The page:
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Sixteen months of pain
The family of one of the northeast Ohio troops killed in Iraq struggles with the casualties

Web Editor
M.L. Schultze
This week, the death toll for Americans in the Iraq War topped 4,000. Among the dead is Scott and Melissa Warner's oldest boy ... 19-year-old Marine Private Heath Warner. It's been 16 tough months since the Marines came to the Warners' door in Canton to tell them their son had been killed in fighting in Al Anbar Province. And Scott Warner expects it will be another tough seven months as the presidential election moves Iraq to the front of the political stage.
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Sixteen months of pain
The American death toll in Iraq topped 4,000 this week. Among the dead is Scott and Melissa Warner's oldest boy " 19-year-old Marine Pvt. Heath Warner. It's been 16 tough months since the Marines came to the Warners' door in Canton to tell them their son had been killed in Al Anbar Province. Scott Warner expects it will be another tough seven months as the presidential election moves Iraq to the front of the political stage.
Sept. 11, 2001 sealed it for Heath Warner. For the kid who loved G.I. Joes and decorated his room with recruiting posters, the question wasn't if he'd join the service, but which branch. Scott Warner asked the recruiters to back off for awhile so his son could figure out if the military was the way he'd serve his country. They did, but it was only a matter of time. "I knew, even then, I had this sick feeling that he would be gone because of the war," Scott Warner said. "I remember the day we signed those papers for him to get into the delayed entry program. In the back of my head I thought: did we just sign his life away?" Sept. 11, 2006 was the last day Heath Warner was on American soil. 10 weeks later, on Thanksgiving day, the Warners learned their son was dead. Scott, Melissa and sons Chandler, then 14, and Ashton, then 8, buried Heath in Arlington Cemetery.
Numbness kept the family going at first. But when that fell away, Scott Warner says the pain was searing, especially for youngest son Ashton.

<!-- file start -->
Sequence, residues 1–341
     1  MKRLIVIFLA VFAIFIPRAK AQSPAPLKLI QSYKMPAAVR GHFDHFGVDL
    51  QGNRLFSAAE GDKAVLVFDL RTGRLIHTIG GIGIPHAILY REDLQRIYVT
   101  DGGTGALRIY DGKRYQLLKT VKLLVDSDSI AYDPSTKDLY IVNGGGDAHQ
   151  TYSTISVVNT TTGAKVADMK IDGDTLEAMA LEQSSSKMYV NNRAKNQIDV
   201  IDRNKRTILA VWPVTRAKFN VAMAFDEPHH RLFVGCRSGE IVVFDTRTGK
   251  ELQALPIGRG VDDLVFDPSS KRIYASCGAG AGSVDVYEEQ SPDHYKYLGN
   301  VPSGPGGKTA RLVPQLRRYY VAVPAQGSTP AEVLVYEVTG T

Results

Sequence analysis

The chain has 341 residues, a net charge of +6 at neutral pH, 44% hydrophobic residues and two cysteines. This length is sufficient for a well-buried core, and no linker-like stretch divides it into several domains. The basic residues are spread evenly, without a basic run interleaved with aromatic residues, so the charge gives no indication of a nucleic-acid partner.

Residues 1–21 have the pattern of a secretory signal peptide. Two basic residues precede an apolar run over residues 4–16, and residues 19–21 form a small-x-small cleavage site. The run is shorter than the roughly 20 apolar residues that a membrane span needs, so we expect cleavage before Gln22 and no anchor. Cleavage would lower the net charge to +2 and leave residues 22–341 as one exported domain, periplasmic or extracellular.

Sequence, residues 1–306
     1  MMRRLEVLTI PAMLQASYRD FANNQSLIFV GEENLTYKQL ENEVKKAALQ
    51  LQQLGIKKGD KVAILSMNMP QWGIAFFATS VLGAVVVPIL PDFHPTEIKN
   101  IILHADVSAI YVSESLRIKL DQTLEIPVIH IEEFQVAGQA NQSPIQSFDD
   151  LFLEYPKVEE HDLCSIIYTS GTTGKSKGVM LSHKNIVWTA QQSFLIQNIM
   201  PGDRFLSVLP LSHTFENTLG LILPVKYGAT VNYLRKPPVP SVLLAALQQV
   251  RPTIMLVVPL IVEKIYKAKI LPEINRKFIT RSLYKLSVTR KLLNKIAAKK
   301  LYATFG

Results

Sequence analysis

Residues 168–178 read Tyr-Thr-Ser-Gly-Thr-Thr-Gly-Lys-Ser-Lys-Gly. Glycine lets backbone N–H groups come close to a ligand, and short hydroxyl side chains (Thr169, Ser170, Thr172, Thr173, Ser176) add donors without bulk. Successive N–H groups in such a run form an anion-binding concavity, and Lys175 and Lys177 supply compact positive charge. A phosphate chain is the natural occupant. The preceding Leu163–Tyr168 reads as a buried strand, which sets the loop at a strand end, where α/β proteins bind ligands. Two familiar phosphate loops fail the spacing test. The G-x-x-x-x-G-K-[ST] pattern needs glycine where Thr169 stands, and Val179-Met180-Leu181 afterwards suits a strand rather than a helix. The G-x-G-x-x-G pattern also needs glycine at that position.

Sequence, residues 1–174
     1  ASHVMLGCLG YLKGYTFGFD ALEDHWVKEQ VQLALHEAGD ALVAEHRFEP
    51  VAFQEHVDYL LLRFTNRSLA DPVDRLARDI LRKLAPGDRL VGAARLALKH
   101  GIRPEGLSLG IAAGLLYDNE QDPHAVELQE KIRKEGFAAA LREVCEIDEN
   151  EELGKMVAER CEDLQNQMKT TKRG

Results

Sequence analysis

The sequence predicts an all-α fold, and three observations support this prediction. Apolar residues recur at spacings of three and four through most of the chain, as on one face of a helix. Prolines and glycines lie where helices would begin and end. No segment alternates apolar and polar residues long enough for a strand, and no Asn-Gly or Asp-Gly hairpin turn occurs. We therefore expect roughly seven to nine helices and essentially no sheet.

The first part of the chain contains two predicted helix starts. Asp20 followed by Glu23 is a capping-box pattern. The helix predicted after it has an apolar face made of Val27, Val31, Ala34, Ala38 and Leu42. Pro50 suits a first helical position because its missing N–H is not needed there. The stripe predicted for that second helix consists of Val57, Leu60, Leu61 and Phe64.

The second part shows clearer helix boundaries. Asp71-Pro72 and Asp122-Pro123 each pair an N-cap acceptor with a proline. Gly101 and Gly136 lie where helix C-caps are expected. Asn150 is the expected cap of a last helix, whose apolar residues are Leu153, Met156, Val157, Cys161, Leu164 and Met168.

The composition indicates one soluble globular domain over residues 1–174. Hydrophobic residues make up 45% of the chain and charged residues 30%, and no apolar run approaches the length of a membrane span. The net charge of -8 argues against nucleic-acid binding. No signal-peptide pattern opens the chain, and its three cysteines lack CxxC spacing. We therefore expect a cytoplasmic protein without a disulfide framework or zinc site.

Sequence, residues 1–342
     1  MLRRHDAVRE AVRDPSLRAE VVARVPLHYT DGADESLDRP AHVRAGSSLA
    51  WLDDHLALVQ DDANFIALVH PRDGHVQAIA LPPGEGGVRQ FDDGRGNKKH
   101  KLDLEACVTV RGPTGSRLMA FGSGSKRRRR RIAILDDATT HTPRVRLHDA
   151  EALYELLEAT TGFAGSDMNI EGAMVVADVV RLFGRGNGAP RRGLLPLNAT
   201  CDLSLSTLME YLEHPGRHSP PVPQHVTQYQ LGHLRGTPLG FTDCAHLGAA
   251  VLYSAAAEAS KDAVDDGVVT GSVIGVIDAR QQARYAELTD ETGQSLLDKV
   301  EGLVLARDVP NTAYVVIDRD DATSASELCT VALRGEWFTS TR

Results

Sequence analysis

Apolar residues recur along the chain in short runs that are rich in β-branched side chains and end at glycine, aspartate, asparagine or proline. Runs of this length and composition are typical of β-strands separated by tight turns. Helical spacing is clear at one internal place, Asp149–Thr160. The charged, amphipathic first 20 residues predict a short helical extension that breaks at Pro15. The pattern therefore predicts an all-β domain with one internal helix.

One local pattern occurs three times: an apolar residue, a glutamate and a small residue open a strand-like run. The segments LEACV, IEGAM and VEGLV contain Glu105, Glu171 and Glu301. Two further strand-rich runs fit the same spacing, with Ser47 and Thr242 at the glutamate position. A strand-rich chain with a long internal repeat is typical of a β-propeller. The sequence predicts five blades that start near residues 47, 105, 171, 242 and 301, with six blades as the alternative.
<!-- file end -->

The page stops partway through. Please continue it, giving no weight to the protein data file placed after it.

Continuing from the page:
"When his personal effects came home and Heath didn't, his world rocked," Warner said.
Yet the boy idolized his brother and now says he wants to be a Marine. Dad says Air Force, maybe, but not a Marine. Still, Scott Warner says the goal is understandable.
The war in Iraq has created several networks of military families back home. One is Gold Star families for those who have had a son, daughter, husband, or wife die in Iraq. They get together monthly " some even weekly.
"You know they call it the club you don't want to be a part of and that is exactly what it is," Warner said. "We have this little club that none of us would want to be a part of, but I am glad that I have these guys."
Another network for Scott Warner began when he established a MySpace page in Heath's name after his death. It was his attempt to keep in touch with friends of his son's. It expanded beyond that.
Warner says he wanted to keep touch with soldiers on the front line. One Marine used the MySpace network to express his depression and frustration over seeing his friends dying in a war he didn't understand. Warner talks with soldiers like him and identifies with their struggles. He encourages the soldiers to stay strong and to make it back home because their families love them.
"I celebrate every family whose son comes home," Warner said. He added through tears: "I wish Heath came home, but he's not coming home. So I have to celebrate the guys who make it and I celebrate their families because I don't want them to have to go through this."
Scott and Melissa Warner have stayed apolitical until now, but feel they and other military families are going to be dragged into the political arena as the presidential election nears.
"I don't want my son to be exploited," Warner says. "I don't want him to be exploited by a Republican, I don't want him to be exploited by a Democrat. I don't care who it is, I don't want him to be exploited for some political agenda."
But Scott Warner praises Hillary Clinton's attempt to guarantee medical care for veterans. It's an apolitical stance, he says, and one that became vitally clear when the Warners visited soldiers being treated for traumatic brain injury.
"Heath sacrificed his life for this country, but these guys are living sacrifices because they are going to live the rest of their lives like this," Warner said.
The Warners are sponsoring a Memorial Day 5K race to raise money for a foundation they've established in their son's name to augment services provided by the government and other agencies.

Related Links & Resources
Memorial site for Health Warner

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